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The Spike or Victoria University College Review 1945

Sophistry III

page 15

Sophistry III

It is the common complaint of the student that his courses are not practical enough; the dilemma of the graduate to find himself fitted for nothing in particular. But there is another snag in University Education which is just as difficult to avoid and just as serious. The student of political science, economics, philosophy or history, soon finds that though through his knowledge he comes to understand his world and its events more completely, yet this knowledge is at the same time its own weakness when it makes him incapable of entering into the very activity for which he is relatively well qualified—incapable, that is to say, of glimmering in the darkness of daily discussion.

A similar enforced separation of those who have knowledge about people from the people themselves, is often evident at lectures given by a speaker who is so well informed that the rift between him and his audience cannot be bridged in the time available. Every student who has taken part in "smoke discussions," which typically ramble from sex to sixpences and back, will have despaired of ever passing on his knowledge or of influencing his fellow men by its use. In these discussions mere knowledge, no matter how sage it may be, is not enough. Indeed, anyone unashamedly displaying more than the normal ration allowance runs the risk of being ostracised, like the witches of old, for trading on the black market. Sometimes, in his innocence, it is the student's own fault. To counter an argument by informing a dock worker or a shepherd that he is committing the fallacy of undistributed middle is as futile as it is ludicrous. A student of psychology might try to persuade a worker that his distrust of Jews is an example of in-group out-group emotions. A student of sociology that the distrust is not justified in the light of economic and social surveys. This is poor stuff against the worker's own experience of some particular slippery customer, with a better job, superior air, or an accredited uncanny skill at swindling, and who happens to be a Jew. Unless our student can match the force of this instance, the worker's estimate of the student and his argument will never be in doubt.

Now I know this is no new problem. Yes, Plato was aware of it—and so have been many other philosophers—while organised religions have often sponsored two grades of belief, one for the priest caste, one for the layman. And some such arrangement seems to be inevitable. If we wish to interact, then when in Rome we must "do" whoever or what-ever we can, however we can. We may differ, however, from the old rigid means-test, dualisms in that we need not "splendidly isolate" ourselves in what is after all our own backyard surrounded by a wall of Academic Scholarship, plastered with no trespass signs, and guarded by the mongrel dogs of Traditional Form and Technical Jargon. On the contrary, we will do our uttermost to tame the dogs (or at least draw their teeth), and knock the bricks from the wall, so that, by jumping high and often, the outsider may glimpse enough of our pleasant verdure to understand a little of what is possible and even less of how it may be achieved.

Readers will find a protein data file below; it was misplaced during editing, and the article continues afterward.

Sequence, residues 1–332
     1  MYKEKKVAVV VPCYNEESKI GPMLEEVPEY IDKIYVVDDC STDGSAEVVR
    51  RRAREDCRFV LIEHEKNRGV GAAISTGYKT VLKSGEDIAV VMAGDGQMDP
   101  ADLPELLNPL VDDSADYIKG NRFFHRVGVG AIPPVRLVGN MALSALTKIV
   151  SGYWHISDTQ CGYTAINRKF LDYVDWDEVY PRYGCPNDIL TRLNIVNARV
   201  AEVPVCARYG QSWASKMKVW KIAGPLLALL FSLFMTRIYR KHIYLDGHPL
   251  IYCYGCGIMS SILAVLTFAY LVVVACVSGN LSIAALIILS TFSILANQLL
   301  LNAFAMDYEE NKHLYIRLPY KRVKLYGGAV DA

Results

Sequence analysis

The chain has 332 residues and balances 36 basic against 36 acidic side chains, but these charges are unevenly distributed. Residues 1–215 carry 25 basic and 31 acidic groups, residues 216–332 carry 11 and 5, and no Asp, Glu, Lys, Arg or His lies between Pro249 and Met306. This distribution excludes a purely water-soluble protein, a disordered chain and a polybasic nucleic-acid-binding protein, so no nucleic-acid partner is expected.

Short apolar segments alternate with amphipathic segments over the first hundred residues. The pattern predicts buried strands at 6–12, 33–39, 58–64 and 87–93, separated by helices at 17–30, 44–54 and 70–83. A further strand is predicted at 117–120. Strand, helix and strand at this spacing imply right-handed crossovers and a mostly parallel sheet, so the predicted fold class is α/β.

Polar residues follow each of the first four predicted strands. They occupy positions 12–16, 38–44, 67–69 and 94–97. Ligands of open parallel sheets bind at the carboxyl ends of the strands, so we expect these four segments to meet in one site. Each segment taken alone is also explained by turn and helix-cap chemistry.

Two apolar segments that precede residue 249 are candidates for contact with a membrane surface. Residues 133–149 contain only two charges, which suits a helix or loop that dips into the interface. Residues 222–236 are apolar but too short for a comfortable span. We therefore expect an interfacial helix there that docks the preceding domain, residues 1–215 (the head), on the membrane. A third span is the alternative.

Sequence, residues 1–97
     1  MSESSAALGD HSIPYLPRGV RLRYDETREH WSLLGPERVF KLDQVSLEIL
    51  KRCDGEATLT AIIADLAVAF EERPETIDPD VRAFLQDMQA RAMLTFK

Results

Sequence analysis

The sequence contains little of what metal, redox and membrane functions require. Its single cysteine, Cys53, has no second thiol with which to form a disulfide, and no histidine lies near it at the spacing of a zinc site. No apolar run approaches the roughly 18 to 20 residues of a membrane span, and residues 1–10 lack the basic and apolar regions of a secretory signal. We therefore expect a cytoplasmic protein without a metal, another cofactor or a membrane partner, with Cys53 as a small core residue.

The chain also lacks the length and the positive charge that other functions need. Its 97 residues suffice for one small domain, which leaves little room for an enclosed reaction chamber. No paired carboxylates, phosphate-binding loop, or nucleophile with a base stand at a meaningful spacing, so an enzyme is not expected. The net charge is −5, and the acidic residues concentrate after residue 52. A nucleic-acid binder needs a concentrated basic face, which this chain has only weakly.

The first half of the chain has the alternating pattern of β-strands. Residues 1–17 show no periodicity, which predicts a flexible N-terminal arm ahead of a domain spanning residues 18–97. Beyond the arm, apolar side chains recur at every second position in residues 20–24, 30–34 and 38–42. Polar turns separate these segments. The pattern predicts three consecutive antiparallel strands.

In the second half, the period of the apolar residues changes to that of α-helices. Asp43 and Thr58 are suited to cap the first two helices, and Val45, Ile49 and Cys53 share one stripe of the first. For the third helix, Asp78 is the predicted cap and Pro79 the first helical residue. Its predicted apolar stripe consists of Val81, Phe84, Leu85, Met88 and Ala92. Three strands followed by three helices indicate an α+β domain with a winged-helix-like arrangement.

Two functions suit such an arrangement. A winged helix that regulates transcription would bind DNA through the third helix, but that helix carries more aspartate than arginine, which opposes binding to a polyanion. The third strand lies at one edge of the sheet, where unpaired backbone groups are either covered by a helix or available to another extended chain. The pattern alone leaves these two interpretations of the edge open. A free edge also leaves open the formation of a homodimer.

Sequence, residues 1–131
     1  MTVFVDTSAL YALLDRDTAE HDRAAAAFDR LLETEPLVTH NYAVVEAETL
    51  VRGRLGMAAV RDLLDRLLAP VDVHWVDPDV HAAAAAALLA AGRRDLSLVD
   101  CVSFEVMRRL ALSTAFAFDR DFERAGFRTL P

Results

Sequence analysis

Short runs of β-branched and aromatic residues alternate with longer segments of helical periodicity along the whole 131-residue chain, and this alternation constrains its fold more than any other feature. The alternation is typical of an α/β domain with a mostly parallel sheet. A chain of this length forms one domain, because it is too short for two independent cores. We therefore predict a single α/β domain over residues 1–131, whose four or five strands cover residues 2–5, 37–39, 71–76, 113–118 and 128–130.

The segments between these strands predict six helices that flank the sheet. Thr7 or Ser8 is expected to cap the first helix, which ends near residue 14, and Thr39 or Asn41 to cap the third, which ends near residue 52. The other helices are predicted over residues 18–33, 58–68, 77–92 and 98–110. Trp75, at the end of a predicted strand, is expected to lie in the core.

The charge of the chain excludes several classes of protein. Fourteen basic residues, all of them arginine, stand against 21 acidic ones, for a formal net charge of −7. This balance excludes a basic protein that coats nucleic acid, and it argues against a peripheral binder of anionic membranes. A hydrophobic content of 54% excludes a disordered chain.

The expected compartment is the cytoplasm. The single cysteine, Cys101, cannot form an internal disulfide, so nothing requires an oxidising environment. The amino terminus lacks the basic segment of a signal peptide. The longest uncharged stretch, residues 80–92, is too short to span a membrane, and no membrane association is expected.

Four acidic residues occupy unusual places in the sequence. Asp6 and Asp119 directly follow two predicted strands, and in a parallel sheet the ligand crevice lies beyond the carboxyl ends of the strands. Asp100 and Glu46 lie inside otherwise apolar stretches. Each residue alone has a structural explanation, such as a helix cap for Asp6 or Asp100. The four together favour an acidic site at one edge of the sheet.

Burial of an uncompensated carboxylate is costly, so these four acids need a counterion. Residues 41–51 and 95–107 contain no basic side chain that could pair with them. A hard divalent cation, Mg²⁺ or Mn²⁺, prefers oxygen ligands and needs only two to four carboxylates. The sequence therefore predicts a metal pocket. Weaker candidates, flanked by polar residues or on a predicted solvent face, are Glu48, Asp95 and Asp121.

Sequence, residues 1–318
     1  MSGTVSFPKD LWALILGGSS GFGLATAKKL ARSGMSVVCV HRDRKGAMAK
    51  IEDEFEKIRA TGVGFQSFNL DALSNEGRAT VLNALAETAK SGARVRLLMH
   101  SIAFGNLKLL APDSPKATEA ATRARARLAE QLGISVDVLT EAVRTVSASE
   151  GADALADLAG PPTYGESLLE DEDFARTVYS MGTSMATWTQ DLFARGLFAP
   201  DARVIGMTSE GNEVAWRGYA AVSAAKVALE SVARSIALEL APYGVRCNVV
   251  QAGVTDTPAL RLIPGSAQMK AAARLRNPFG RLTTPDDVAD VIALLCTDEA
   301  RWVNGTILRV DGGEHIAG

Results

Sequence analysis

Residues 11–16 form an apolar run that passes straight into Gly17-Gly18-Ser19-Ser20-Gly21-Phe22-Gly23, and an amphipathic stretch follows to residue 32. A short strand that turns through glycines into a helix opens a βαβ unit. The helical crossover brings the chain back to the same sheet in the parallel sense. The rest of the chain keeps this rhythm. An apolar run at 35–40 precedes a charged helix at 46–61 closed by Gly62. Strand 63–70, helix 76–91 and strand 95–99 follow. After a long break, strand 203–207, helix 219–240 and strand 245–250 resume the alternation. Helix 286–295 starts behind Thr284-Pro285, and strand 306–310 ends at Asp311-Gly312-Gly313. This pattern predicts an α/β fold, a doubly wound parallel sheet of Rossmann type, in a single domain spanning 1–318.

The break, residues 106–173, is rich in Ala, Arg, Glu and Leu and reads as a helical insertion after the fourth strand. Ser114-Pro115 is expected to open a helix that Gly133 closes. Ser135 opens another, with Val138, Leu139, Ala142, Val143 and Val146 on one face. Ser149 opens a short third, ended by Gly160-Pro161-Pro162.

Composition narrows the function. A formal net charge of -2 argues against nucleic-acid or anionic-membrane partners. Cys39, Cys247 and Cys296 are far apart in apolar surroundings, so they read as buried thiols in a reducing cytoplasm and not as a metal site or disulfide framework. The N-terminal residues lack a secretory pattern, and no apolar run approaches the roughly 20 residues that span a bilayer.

Nor will we travel abroad incognito along underground routes except in so far as we pass unrecognised by those whose vision needs sharpening. For though we will accept page 16 as expedients all the devices of the propagandists we will be very careful to avoid his vices. The true argument will be our standard and at all times we will be prepared to offer the full extent—and no more —of our knowledge to whoever is able and wishes to accept or reject it; but, on the other hand, we will be tree to quote angel against thief, personal instance against personal instance, to commit all the other errors of logic and any falsehood. At present only those who abuse such a practice employ it. The time has come for people of integrity to beat them at their own game.

To this end it might be worthwhile starting a course in Sophistry. Sophistry I could be included in all degree courses. Sophistry III would be the prerequisite for the politician and other "liars in public places," while to graduate Master of Sophistry, First Class, would require a practical thesis wherein the candidate would have to convince the Professor of Philosophy that he deserved the Honour. Finding a lecturer will present some difficulty, for though second-rate sophists are like the fish in the sea and as easily caught, to discover the perfect sophist, the perfect criminal, requires nothing less than a confession. Since, however, perfection is the last quality to be looked for in a lecturer, we could no doubt get along without it. A syllabus which concentrated on semantics and logical fallacies would give the student experience in actually digging potholes in the paths of reasoning. This should be not only of inestimable practical value outside the University, but might well enable the student to avoid the fallacies in his own thinking more readily than any mere plotting of them would do.

But whatever is done, the problem of transposing the content of University Knowledge from the forms with which the student is familiar, and which are economically and aesthetically desirable, into forms with which the worker is familiar, has in the past been neglected. It is a problem which will probably continue to be inadequately dealt with, and yet one which would have to be solved for the layman to struggle to within coo-ee of investigators' discoveries and findings. The necessity seems obvious and if to achieve our aim we must employ means which we dislike, surely that is better than throwing up our arms in disgust and horror at the uncouthness of the ignorant.